FIGURE 1-1 Deaths from Suicide and AIDS and HIV-related Diseases. Based on data from the CDC (2001), NCHS (2001), and NCIPC (2000).

personal accounts of those who have completed or attempted suicide provide a glimpse of the psychological pain that culminates in a desperate act. A minority of those who kill themselves actually write suicide notes, and these only infrequently try to communicate the complex reasons for the act. Still, some consistent psychological themes emerge. Clearest of these is the presence of an unendurable heartache, captured in the simple phrase, “I can’t stand the pain any longer,” a phrase often seen in suicide notes or heard by clinicians after an attempt. One woman expressed it this way in her suicide note:

I wish I could explain it so someone could understand it. I’m afraid it’s something I can’t put into words.

There’s just this heavy, overwhelming despair—dreading everything. Dreading life. Empty inside, to the point of numbness. It’s like there’s something already dead inside. My whole being has been pulling back into that void for months.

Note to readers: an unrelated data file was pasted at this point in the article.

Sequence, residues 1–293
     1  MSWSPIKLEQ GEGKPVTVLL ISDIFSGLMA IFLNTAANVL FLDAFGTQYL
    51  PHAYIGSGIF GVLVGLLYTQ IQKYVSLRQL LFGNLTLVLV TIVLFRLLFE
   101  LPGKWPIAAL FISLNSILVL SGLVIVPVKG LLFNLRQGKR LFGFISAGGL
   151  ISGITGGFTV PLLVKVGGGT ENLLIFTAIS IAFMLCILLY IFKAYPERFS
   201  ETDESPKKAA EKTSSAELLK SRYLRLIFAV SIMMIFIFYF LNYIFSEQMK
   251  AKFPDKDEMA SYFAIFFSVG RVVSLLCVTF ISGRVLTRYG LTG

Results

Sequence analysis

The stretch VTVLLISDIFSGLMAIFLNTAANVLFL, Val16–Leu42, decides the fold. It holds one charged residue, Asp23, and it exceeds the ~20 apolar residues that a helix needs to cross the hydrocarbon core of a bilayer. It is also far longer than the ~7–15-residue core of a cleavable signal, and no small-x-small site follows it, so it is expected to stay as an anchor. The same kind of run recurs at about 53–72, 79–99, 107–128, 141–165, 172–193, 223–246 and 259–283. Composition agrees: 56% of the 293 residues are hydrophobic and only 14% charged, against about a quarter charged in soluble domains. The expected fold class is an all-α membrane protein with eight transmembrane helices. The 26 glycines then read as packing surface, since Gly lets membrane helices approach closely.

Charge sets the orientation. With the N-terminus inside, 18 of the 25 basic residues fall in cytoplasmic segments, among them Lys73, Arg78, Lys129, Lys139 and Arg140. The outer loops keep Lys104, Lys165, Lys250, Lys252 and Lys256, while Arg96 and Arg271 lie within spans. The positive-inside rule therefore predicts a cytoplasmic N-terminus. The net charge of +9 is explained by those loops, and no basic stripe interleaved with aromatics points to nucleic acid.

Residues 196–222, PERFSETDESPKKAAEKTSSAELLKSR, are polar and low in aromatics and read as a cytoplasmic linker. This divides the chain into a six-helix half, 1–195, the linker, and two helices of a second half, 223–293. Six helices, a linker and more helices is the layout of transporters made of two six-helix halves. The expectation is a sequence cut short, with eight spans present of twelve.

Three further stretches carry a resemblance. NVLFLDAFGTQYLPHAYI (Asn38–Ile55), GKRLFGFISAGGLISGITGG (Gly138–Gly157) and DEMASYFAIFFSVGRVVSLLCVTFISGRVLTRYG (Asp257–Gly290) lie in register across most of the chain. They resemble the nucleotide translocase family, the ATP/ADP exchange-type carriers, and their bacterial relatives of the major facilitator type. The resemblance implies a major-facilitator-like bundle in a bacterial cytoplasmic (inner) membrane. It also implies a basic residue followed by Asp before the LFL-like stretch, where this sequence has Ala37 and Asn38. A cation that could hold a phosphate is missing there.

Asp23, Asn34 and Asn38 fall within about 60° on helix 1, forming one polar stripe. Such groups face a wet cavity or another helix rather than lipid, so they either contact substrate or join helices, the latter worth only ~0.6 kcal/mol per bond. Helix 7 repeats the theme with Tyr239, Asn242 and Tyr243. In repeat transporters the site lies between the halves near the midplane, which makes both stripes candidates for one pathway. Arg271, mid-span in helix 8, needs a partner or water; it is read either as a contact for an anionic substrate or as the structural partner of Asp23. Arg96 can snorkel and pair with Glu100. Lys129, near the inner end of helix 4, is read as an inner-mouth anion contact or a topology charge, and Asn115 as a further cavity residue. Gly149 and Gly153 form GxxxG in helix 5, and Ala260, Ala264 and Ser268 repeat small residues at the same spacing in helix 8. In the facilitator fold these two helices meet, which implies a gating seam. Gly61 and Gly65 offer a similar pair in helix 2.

Everyone has been so good to me—has tried so hard. I truly wish that I could be different, for the sake of my family. Hurting my family is the worst of it, and that guilt has been wrestling with the part of me that wanted only to disappear.

But there’s some core-level spark of life that just isn’t there. Despite what’s been said about my having “gotten better” lately—the voice in



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